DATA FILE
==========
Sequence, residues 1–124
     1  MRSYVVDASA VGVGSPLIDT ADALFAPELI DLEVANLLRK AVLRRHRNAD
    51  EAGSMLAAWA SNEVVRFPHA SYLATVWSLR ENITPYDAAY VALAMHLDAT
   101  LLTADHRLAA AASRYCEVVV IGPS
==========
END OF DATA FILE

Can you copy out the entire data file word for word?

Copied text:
Sequence, residues 1–124
     1  MRSYVVDASA VGVGSPLIDT ADALFAPELI DLEVANLLRK AVLRRHRNAD
    51  EAGSMLAAWA SNEVVRFPHA SYLATVWSLR ENITPYDAAY VALAMHLDAT
   101  LLTADHRLAA AASRYCEVVV IGPS